Punch, Curated By Nina Chanel Abney @ Jeffrey Deitch in Los Angeles

Punch, curated by artist Nina Chanel Abney, features thirty-three artists who examine contemporary culture and society through the lens of figuration. The exhibition focuses on artists primarily from Los Angeles in Abney’s circle who explore connections and disconnections between culture and subculture, figuration and abstraction, and the physical and the digital. The pieces featured in the exhibition contain references to art historical precedents such as Abstract Expressionism and Pop Art, as well as street art, while integrating elements of design, graffiti, cartoons, and satire. Using painting, sculpture, and performance as acts of defiance, these artists explore how they can create figurative and abstract representations with visual punch while portraying a society immersed in new media and pop culture.

Punch, Curated by Nina Chanel Abney is on view through August 17 at Jeffrey Deitch Los Angeles 925 North Orange Drive, Los Angeles. photographs courtesy of Jeffrey Deitch

Tom Wesselmann "A Different Kind of Woman" @ Almine Rech Gallery In Paris

In October 2016, Almine Rech Gallery will host an exhibition of historical artworks by Tom Wesselmann, inspired by the artist’s 1970 exhibition at Sidney Janis Gallery in New York. Wesselmann’s ‘Bedroom Tit Box’, a key performative work from the Janis exhibition, will be restaged in Paris for the first time. The work will be installed alongside seminal examples of Wesselmann’s post-collage works, making the exhibition at Almine Rech the most significant presentation of the artist’s work in Paris since his 1995 retrospective at the Fondation Cartier, and groundbreaking 1967 exhibition at Ileana Sonnabend Gallery. Tom Wesselmann "A Different Kind of Woman"  will be on view until December 21, 2016 at Almine Rech Gallery in Paris. photographs by Mazzy-Mae Green

Oliver Clegg "Life Is A Gasssss" @ Erin Cluley Gallery In Dallas, Texas

Exploring themes of change and resilience, Life Is a Gasssss will depict 20th century pop icons as an allusion to how the information overload of the 21st century has impacted visual culture. The cross-media selection of works will reflect the breadth of the artist’s practice. Click here to read our interview with the artist. Life Is a Gasssss will be on view until May 7, 2016 at Erin Cluley Gallery, 414 Fabrication Street, Dallas Texas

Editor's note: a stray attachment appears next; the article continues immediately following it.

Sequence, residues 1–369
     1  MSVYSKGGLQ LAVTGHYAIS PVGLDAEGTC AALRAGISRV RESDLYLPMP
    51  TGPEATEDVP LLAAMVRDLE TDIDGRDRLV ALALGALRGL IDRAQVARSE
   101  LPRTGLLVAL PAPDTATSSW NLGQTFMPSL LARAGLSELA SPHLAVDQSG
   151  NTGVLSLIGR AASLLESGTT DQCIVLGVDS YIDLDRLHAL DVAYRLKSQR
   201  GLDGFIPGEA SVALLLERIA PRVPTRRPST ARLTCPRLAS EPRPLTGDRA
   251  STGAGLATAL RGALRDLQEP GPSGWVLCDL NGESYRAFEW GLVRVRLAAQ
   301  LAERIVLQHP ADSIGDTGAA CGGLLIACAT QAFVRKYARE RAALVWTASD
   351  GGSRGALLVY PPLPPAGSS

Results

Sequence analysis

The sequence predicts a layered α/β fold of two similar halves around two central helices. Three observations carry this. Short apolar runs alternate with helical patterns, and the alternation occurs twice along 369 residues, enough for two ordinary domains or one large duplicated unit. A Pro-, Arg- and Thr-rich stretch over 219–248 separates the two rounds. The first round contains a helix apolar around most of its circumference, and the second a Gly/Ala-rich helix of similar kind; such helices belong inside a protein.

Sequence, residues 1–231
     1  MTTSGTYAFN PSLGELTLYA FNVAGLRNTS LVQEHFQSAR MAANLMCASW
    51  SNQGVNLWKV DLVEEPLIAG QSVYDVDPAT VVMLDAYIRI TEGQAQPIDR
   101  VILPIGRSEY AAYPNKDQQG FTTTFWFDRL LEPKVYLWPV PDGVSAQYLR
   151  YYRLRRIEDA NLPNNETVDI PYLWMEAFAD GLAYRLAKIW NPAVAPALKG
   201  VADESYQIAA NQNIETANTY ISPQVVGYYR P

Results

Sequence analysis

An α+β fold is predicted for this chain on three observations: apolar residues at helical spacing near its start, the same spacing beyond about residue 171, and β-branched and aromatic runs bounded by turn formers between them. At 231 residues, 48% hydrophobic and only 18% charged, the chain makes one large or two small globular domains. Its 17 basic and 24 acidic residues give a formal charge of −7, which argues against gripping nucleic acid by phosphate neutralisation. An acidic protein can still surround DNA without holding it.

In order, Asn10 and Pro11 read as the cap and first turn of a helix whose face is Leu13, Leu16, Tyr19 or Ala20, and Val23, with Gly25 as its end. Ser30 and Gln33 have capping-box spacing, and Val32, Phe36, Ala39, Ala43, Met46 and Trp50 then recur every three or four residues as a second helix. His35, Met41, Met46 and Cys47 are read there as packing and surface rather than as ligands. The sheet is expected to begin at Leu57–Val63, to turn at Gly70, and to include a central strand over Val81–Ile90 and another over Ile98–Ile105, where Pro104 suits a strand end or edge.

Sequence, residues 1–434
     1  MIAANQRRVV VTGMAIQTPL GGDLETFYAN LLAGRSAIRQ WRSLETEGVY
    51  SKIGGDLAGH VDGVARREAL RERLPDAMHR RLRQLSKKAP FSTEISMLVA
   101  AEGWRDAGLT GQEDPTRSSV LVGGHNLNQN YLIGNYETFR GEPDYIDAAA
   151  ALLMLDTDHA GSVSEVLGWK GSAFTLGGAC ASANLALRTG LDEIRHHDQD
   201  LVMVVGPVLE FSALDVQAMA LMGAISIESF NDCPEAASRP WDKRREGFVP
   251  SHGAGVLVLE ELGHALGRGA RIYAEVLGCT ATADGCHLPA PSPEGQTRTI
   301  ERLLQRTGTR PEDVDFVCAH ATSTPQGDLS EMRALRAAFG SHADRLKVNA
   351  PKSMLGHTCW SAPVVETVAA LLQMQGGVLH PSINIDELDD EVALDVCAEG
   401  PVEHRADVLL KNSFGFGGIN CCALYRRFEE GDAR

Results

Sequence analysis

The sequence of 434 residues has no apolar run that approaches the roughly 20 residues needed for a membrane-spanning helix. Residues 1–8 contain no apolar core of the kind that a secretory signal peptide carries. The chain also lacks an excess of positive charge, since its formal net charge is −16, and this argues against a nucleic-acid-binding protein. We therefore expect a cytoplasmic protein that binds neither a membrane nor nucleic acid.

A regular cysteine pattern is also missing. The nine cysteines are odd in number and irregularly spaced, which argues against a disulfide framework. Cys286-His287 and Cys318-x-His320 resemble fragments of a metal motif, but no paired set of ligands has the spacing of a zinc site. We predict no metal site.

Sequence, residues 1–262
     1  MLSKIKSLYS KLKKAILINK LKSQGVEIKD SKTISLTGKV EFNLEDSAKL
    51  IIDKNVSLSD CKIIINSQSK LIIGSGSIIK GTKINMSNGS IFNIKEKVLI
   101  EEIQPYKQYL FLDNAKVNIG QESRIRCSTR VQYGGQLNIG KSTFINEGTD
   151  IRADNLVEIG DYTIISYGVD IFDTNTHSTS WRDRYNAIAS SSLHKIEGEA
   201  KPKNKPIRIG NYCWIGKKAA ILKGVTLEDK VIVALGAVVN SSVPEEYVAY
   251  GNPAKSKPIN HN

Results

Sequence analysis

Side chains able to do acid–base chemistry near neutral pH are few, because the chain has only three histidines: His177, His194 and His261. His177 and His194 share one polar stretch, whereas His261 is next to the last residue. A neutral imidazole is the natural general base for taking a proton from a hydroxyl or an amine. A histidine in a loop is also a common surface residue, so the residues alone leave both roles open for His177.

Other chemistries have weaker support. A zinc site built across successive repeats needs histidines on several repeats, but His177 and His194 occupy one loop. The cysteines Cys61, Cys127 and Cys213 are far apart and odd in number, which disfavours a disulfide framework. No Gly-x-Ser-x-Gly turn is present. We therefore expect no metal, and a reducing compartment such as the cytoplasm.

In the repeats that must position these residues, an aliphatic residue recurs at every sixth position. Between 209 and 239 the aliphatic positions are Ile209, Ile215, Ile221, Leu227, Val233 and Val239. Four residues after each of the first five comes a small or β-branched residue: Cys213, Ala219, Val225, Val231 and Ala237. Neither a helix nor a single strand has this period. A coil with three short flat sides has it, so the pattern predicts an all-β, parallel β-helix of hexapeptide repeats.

Richard Phillips Will Be Showing New Paintings At Gagosian Athens in Greece

In his paintings, Richard Phillips engages the complex web of human obsessions to do with sexuality, politics, power, death that are constantly exploited in mainstream media. Subjecting popular images to a range of classical painterly techniques, he estranges their familiarity and thus imbues them with new meaning. Photographic images of politicians are re-cast in neon, while supermodels are represented as academic paintings, as if to augment their status as pop icons. Over and over again throughout his work, the glossy idealism of advertising propaganda is subverted by his underlying resistance to its blatant seduction. Departing from the more photorealistic tendencies of recent years, in his newest works Phillips culls celebrity portraits, retro textbook illustrations, logos, and Op Art motifs to produce compressed images in an electric palette. Richard Phillips at Gagosian Athens will be on view until August 1, 2015, 3 Merlin Street Athens 10671

Bardot by Andy Warhol


Brigitte Bardot was one of the first women to be really modern and treat men like love objects, buying them and discarding them. I like that. --Andy Warhol

Gagosian Gallery London presents an exhibition of Andy Warhol's portraits of Brigitte Bardot. Warhol first met Bardot at the Cannes Film Festival in 1967 when she actively supported his attempt to show Chelsea Girls there after the original planned screening had been cancelled. In 1973, at the height of her fame, she announced her retirement from making films. That same year Warhol received the commission to make her portrait. At the time that he was shifting his focus from filmmaking back to painting and perhaps viewed her coincidental screen exit as the perfect opportunity to commemorate and idolize her in art. On view at the Gagosian Gallery in London until November 12. 

Joy-Art: Ladislav Sutnar

The Czech-American designer Ladislav Sutnar (1897—1976) created many internationally-acclaimed design icons. At the age of 65, he delved into painting. Now on view at Galerie Rudolfinum in Prague, U.S. Venus is the first independent exhibition of Sutnar’s art in forty years and presents his paintings of female nudes never shown before. Sutnar called these works Venus and exhibited them under the label Joy-Art. In this art manifesto, he formulated his concept of art for the 21st century – as vigorous, humanistic and joyful. His geometric figures rendered in contrasting colors reflect American painting of the time, namely Pop Art. U.S. Venus is on view until October 8.